About the content: Diamandis eloquently presented his Abundance-thesis. Energy and water scarcity will become something of the past, oil and coal as energy resources are on the way out – give it ten to twenty years. Politicians trying to stop technology will be overthrown or their nations will go bankrupt, the combination of smooth automatic language translation, blockchain and crypto-currencies, virtual reality, e-residency such as pioneered by Estonia give access to the opportunities of a globalized and exponentially evolving world in contrast to staying stuck in a local and linear mindset.
Rosedale seems as bullish as ever about the virtual space, but also realistic: we need a high enough resolution to be able to read and write emails easily in those spaces in order to make them really ready for broader audiences. Remember the smartphone: you could do about everything with them right from the first iPhone and so that was when generalized adoption started to happen. Also, a VR-room will have to be able to handle a thousand people in order to organize stuff such as TEDx-conferences – High Fidelity is working hard on that.
Here’s the recording of the event:
What I love about virtual worlds are the incredible smart and visionary people one can meet there. This totally applies for High Fidelity, a young and cutting edge virtual world (think decentralized architecture, tokens, blockchain, VR-enabled, avatars who are responsive to their real life users). Founding father Philip Rosedale had this very inspiring chat with Kent Bye, the host of Voices of VR Podcast.
They and their audience of fellow geeks had an in-depth discussion about virtual worlds, virtual and augmented reality, blockchain in virtual worlds and psychology of virtual worlds. What I particularly like is that the chat was not limited to esoteric virtual world tech stuff, but tackled fundamental evolutions such as the emergence of an “Experiential Era”.
In this way High Fidelity continues the great tradition of virtual intellectual “salons“.
I found out about this video via New World Notes.
An interesting take on the use of blockchain in the mass consumer markets by Adam Frisby, CEO and lead developer of Sinespace, a Unity-based MMO and social VR platform: on VentureBeat he explains “why blockchain isn’t ready for primetime“.
“As it stands, blockchain is caught between three competing objectives: fast, low-cost, and decentralized. It is not yet possible to make one chain that achieves all three”, Frisby says. A post written by someone who has first-hand experience in dealing with payments in game environments.
Note that the Blockstack-project I posted about is not based entirely on the bitcoin blockchain, presumably for some of the reasons discussed by Frisby. I’m not sure how exactly they improve on the blockchain.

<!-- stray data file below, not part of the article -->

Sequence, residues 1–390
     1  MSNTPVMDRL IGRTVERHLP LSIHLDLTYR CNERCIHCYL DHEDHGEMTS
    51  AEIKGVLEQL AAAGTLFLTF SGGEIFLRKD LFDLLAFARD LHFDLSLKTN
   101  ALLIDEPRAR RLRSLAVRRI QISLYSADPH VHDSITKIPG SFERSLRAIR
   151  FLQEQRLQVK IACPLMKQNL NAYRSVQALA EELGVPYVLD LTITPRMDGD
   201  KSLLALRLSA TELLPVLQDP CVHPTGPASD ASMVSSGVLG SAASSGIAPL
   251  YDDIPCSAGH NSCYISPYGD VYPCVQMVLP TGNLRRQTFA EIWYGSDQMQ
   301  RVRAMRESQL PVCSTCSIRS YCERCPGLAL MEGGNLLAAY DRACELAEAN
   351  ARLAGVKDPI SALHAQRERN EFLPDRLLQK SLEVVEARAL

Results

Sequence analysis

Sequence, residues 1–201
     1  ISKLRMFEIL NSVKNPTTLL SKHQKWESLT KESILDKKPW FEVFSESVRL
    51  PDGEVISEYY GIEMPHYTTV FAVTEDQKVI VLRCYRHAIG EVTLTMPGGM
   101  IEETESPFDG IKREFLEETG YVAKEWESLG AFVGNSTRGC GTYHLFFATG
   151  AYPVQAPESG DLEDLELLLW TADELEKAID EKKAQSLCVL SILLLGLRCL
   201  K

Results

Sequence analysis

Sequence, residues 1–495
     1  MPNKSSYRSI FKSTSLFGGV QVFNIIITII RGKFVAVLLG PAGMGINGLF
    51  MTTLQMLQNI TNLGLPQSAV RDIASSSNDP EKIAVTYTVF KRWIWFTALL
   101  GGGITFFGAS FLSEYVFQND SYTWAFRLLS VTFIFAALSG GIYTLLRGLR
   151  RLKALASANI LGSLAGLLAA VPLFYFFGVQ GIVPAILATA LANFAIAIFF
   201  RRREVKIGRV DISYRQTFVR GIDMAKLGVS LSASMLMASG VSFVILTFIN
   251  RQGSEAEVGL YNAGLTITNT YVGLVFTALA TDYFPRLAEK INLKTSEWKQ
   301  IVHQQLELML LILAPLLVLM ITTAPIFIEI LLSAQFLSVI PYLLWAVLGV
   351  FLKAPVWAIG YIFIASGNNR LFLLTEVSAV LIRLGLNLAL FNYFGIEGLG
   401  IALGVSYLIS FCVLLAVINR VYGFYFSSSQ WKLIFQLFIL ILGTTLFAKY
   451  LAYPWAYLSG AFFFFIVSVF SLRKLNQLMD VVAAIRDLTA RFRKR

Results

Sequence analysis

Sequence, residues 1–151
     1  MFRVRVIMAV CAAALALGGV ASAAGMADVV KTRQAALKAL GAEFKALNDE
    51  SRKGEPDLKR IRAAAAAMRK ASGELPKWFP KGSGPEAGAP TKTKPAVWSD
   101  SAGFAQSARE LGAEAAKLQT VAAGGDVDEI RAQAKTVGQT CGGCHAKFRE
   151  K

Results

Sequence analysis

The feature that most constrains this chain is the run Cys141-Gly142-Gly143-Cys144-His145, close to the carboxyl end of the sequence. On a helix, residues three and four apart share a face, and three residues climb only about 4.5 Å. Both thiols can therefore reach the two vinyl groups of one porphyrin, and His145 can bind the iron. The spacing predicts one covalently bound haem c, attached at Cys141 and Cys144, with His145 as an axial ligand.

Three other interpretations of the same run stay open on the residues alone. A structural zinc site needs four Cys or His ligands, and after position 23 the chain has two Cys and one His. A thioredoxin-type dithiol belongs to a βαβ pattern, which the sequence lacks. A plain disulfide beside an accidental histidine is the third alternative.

I’ve been experimenting with Graphite Docs, a decentralized app (DApp) on the Blockstack-platform. It works remarkably well, it’s like an alternative for Google Docs. I actually prepared this post using Graphite. What I dislike about the Blockstack-universe is that one has to pay in bitcoin in order to get a username. In my opinion a new internet should not identify itself with one particular crypto-currency. Fortunately, one can use Graphite also without a username, just by using your blockchain-based credentials. The blockchain used is the bitcoin blockchain, but I think to have understood they could also use other blockchains.
I guess it means we have the regular web now, the dark web which is accessible via the Tor browser, and the decentralized internet like the one presented by Blockstack (there are some other platforms for decentralized apps).
It’s interesting to note that Blockstack is both an open source project and a Public Benefit Corporation (PBC):
“Blockstack PBC, a Public Benefit Corp, upholds specific commitments to the greater public good in addition to stockholder interests. The mission of Blockstack PBC is to enable an open, decentralized internet. Blockstack PBC is committed to always keep the core Blockstack software open-source, and to support the decentralization of the Blockstack network. Blockstack PBC has historically taken the lead on Blockstack protocol development, but in the future will work with other parties to build a fully transparent and adaptable decentralized internet.”
For now there are only a few DApps consumer-ready on the Blockstack platform. It will be interesting to see what other apps become available and whether these apps will actually be used by a broader audience.
It seems all the talk about the “decentralized internet” gets more concrete for ordinary internet users (citizens?) like me. Tom Simonite at Wired did a great job explaining decentralized applications (DApps) in his article The Decentralized Internet Is Here, With Some Glitches. He discusses alternatives for Google Docs (using Graphite), eBay, YouTube (DTube) and so on.